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Table of Contents
Year : 2021  |  Volume : 29  |  Issue : 2  |  Page : 147

A needle in a haystack

1 Department of Physical Medicine and Rehabilitation, University of Montreal Health Center, Montreal, Canada
2 Department of Physical Medicine and Rehabilitation, College of Medicine, Yeungnam University, Namku, Taegu, Korea

Date of Submission16-Apr-2020
Date of Decision28-Apr-2020
Date of Acceptance07-May-2020
Date of Web Publication27-Jun-2020

Correspondence Address:
Mathieu Boudier-Revéret
Hôtel-dieu Du Centre Hospitalier De L'université De Montréal, 3840, Saint-urbain St., Montreal, QC, H2w 1T8
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Source of Support: None, Conflict of Interest: None

DOI: 10.4103/JMU.JMU_59_20

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How to cite this article:
Mares C, Chang MC, Boudier-Revéret M. A needle in a haystack. J Med Ultrasound 2021;29:147

How to cite this URL:
Mares C, Chang MC, Boudier-Revéret M. A needle in a haystack. J Med Ultrasound [serial online] 2021 [cited 2023 Jan 30];29:147. Available from: http://www.jmuonline.org/text.asp?2021/29/2/147/288210

  Section 1 – Quiz Top


A 58-year-old, right-handed, female was seen in the outpatient clinic of our local university teaching hospital's physical medicine and rehabilitation department for the left lateral elbow pain evolving over the last year.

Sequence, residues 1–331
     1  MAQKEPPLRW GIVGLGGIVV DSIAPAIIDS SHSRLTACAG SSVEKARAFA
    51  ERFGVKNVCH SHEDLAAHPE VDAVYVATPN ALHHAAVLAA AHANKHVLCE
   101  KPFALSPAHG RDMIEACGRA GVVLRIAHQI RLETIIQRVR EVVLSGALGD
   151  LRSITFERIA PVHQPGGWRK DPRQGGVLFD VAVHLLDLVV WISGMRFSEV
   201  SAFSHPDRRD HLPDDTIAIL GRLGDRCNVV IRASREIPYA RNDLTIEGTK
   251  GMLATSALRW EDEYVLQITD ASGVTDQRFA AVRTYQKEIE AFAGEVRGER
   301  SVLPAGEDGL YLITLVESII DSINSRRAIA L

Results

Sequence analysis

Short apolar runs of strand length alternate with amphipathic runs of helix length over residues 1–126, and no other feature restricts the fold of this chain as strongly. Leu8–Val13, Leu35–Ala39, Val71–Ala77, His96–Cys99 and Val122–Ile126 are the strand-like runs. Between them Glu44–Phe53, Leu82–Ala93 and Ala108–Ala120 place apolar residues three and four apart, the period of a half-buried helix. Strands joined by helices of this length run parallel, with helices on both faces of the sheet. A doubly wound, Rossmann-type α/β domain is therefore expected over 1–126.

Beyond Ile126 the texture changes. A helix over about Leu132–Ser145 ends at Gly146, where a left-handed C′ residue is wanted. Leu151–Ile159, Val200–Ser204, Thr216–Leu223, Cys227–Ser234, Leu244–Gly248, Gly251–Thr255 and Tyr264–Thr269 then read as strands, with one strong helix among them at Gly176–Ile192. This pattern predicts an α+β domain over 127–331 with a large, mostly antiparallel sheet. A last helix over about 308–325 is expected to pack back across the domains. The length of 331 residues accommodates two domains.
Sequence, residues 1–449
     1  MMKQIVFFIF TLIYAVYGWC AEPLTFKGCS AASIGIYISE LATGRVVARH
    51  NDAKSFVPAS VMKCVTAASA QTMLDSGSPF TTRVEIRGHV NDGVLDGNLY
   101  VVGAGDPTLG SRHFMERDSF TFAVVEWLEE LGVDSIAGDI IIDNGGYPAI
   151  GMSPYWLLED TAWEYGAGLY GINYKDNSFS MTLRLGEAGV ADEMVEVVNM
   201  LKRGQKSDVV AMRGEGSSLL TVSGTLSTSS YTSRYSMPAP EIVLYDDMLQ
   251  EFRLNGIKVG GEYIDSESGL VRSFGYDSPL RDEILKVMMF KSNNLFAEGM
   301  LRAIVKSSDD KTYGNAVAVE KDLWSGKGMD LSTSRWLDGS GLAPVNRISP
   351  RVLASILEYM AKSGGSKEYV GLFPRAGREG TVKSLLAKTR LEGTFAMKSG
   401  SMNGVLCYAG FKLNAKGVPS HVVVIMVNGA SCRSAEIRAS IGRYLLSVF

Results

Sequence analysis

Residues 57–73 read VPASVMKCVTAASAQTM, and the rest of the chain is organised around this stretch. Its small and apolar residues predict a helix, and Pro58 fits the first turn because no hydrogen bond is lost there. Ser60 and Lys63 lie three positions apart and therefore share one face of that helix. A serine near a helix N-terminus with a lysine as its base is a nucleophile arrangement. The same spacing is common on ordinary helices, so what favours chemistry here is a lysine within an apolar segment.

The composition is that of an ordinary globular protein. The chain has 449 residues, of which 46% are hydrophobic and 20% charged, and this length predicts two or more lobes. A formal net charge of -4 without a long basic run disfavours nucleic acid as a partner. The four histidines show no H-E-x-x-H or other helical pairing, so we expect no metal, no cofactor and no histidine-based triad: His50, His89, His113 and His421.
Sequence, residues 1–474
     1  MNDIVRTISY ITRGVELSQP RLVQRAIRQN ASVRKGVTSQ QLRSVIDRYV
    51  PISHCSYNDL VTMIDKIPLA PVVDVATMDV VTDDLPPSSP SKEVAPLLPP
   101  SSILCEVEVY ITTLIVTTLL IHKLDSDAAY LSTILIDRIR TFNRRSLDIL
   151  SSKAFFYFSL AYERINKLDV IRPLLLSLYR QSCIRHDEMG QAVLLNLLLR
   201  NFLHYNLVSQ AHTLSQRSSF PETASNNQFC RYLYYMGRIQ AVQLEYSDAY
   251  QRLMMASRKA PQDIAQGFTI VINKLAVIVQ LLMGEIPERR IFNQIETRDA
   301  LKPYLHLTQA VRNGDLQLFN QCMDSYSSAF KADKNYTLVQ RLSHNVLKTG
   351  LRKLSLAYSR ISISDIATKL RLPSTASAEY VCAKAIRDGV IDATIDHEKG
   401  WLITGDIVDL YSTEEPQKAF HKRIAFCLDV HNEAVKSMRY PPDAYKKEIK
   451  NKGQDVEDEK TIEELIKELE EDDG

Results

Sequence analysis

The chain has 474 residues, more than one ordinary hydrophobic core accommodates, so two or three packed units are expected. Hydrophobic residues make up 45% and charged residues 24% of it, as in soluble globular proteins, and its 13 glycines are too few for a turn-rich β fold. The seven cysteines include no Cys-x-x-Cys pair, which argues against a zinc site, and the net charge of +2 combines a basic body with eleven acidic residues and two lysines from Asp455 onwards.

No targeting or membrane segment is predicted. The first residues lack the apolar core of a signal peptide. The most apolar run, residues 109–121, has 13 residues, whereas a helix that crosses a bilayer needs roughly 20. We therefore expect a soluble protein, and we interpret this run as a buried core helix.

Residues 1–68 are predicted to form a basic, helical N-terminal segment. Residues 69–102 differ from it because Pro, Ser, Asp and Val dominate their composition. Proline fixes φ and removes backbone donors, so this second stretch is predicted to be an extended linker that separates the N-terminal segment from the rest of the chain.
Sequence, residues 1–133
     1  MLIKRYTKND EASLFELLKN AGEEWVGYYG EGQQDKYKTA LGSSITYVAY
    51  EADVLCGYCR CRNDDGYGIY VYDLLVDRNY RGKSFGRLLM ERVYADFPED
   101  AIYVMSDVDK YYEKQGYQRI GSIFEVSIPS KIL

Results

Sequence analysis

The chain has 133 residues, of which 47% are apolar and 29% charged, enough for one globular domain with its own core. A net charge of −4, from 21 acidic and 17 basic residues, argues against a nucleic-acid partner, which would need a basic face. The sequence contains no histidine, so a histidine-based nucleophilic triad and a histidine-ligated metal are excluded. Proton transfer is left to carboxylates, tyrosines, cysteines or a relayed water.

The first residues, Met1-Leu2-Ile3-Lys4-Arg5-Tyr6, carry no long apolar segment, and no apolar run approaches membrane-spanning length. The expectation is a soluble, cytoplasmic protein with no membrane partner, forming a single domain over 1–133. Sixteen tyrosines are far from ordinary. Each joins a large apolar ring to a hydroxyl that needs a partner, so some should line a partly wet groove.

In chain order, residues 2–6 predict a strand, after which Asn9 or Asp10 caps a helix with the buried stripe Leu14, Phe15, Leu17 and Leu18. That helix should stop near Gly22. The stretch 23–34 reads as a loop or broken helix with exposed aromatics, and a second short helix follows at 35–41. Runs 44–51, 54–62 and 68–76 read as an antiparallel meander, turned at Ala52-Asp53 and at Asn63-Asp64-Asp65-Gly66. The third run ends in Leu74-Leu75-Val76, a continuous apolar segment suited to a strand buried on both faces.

She was being followed for depression, rheumatoid arthritis, and was known for cervical spinal stenosis with a small zone of myelomalacia. Her medication included pregabalin, prednisone, and clopidogrel.

She described mechanical pain over her left lateral epicondyle. On observation, there was no swelling, deformities, or scars. Physical examination revealed a positive Mills and Cozen sign. There was no ROM limitation. She had pain on palpation over her left lateral epicondyle.

A diagnostic ultrasound using a high-resolution linear multifrequency (7–18Hz) probe on a Toshiba Aplio 500 ultrasound machine and a standardized elbow scanning protocol[1] revealed signs of tendinosis of the common extensor tendon without radial collateral ligament tears and absence of elbow effusion. While scanning the brachialis muscle in transverse axis at the distal arm level, the image was obtained [Figure 1]. Can you find the needle in the haystack?
Figure 1: On this transverse view of the ventral arm, approximately 3 cm proximal to the elbow joint, please localize and describe the anomaly

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Declaration of patient consent

The authors certify that they have obtained all appropriate patient consent forms. In the form, the patient has given her consent for her images and other clinical information to be reported in the journal. The patient understands that her name and initials will not be published and due efforts will be made to conceal identity, but anonymity cannot be guaranteed.

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Conflicts of interest

There are no conflicts of interest.

  References Top

Qzcakar L1, Kara M, Chang KV, Hung CY, Tekin L, Ulash AM, et al. EURO-MUSCULUS/USPRM basic scanning protocols for elbow. Eur J Phys Rehabil Med 2015;51:485-9.  Back to cited text no. 1


  [Figure 1]


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